Racial Reconciliation and the PCA

Posted by T on September 29, 2015
Churchianity, Documentary, Politics

The PCA (Presbyterian Church in America) is all agitated for racial reconciliation. But we have to ask how relevant this is. I mean really, how many Mexicans and Negroes are actually even in the PCA? And what can the PCA do about it anyway?

It is not a new story. I first heard about it over thirty years ago, when I first moved to So. Cal. The warfare between Mexican and Negro has been under-reported because it does not fit the regnant narrative of our rulers, hence probably many Presbyterians are completely unaware of it. In that sense, I suppose the PCA is to be commended for bringing this to our attention.

The Negro community resents the mass immigration of Mexicans and their own displacement from their historic ghettos in many cities. They really don’t want to go back to Louisiana. They also resent their traditional jobs going more and more to Mexicans. The tensions are so high that it could actually soon lead to a realignment:  the dirty little secret that probably agitates the Left more than any other facet of Donald Trump’s candidacy is, not just that he could grab the Republican nomination, but that he as a Republican could probably capture a significant part of the Negro vote in the general election, if his promise to end the Mexican invasion were thought to be credible.

Of course, Negroes might also get a little nervous if the discussion is allowed to go too far in this direction.  The slavery card has been a lucrative one for them. Yet, at bottom they must realize that they would not be here at all if it hadn’t been for slavery.  Their very existence here at all is only due to the happy Providence that a rival and victorious tribe sold their ancestors to traders for barrels of rum, rather than boiling them for lunch. In short, at bottom they must realize that their entire status as the beneficiaries of endless White philanthropy is entirely and only due to their ancestors’ presence here via slavery.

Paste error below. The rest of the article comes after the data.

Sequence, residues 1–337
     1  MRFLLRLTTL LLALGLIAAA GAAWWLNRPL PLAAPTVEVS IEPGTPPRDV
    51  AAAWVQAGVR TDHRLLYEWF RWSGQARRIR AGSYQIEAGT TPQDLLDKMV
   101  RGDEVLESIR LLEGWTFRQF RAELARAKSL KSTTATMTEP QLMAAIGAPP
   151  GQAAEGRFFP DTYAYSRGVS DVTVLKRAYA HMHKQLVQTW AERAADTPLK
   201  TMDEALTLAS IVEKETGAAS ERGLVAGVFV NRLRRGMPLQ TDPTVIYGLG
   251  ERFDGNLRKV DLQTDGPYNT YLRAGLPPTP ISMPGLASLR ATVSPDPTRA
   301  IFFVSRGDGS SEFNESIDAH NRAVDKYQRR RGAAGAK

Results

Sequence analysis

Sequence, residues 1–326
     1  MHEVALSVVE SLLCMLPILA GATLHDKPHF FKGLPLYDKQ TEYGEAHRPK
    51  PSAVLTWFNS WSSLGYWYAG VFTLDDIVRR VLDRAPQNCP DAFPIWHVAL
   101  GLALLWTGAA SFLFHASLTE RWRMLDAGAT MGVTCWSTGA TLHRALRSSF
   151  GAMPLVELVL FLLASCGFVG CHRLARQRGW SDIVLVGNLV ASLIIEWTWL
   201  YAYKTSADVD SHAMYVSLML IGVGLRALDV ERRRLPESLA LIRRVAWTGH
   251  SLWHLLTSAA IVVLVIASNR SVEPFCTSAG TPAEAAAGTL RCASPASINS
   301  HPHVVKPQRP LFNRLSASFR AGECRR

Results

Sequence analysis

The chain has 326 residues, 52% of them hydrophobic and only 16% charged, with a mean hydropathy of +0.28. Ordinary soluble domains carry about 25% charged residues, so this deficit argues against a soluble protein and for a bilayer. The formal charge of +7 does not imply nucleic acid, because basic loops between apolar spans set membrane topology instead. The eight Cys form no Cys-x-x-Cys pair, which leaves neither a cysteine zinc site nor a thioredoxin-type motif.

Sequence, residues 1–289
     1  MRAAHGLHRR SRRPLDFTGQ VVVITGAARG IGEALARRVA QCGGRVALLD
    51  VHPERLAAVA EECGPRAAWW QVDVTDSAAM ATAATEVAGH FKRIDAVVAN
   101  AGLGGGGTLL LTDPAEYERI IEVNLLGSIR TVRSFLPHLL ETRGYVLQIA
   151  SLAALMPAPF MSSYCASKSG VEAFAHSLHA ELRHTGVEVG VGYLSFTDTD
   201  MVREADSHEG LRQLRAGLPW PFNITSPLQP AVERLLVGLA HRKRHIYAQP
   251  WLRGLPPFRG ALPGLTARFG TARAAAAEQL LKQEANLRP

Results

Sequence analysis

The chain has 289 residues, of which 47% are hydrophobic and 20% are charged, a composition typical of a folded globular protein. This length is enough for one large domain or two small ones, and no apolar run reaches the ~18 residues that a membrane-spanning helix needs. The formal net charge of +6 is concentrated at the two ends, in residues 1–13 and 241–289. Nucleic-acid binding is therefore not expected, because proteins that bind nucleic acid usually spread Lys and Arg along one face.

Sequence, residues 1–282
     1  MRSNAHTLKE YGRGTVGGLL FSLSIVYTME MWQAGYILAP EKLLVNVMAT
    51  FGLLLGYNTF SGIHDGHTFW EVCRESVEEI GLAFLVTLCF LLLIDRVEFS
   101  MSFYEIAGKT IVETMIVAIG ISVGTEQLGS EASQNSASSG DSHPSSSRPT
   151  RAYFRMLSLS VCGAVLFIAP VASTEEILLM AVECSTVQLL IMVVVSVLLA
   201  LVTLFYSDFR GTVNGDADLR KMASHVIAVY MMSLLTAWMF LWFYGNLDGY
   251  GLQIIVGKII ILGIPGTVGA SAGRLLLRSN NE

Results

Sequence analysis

So if the Mexicans need to go home, it raises the theoretical possibility that someone might suggest that, now that their services are no longer desired as slaves, they also should “go home.” This injects ambiguity into the discussion — or would, if it were ever brought up in that form.

The Mexicans for their part feel that Texas and Southern California (and more) is their historical patrimony, and are disgusted by Negro ghetto behavior and laziness. They feel that if they work hard and save, and buy up the ghetto townhouses one by one, they have every right to do so.

There is a gang aspect to all this. I am not here to defend gangs, of course. But there is a primal motif to some of the gangs that cannot be excoriated simplistically: namely, guarding the turf their own people have staked out, when the established authorities have de facto abandoned them.

Now comes the PCA and wants to broker “racial reconciliation.” But what would this look like? Say they get some Negroes and Mexicans to the “bargaining table.” What then? What will be the proposal to bring an end to all of this? Inviting Jesus into their hearts? The fact is, a higher percentage of Negroes profess to have done this than Whites.  And very possibly, the same (re-interpreted in language of their tradition) would be true of the Mexicans. So that “proposal” will seem a bit hollow coming from the largely White Presbyterians.

That if more Negroes and Mexicans became Presbyterians, the problem would go away? Will they be able to suggest that with a straight face?

What then? That each side should repent of its racial sins? But neither side sees it that way. Such a solution does not even touch the underlying grievances.

I don’t know, but I think the weepy men of the PCA may have bitten off more than they can chew this time.

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1 Comment to Racial Reconciliation and the PCA

  • I sure wish they could see the self-defeating nature of the game they’re playing. The fact that they can’t see that God intended his church to be both spiritually united and tribally, nationally, and therefore racially distinct on the grounds that all their racial “reconciling” is requiring them to disenfranchise their own race, tells us just how far afield the PCA’s leadership has gone. I think it’s time for them to realize they may can be for all tribes, but they can’t be of all tribes. May Southern Presbyterianism be reconciled to the people by whom and for whom it was founded.

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